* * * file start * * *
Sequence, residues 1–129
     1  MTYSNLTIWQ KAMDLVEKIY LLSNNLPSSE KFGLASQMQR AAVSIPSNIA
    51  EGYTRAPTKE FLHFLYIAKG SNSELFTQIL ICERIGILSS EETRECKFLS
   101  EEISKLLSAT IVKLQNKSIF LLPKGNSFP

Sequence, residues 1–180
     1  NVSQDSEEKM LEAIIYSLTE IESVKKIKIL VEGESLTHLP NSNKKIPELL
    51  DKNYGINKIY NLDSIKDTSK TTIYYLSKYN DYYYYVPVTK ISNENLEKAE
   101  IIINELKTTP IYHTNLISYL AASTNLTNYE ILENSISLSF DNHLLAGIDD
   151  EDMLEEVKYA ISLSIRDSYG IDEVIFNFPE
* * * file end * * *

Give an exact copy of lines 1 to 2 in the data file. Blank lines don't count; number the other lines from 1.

Sequence, residues 1–129
     1  MTYSNLTIWQ KAMDLVEKIY LLSNNLPSSE KFGLASQMQR AAVSIPSNIA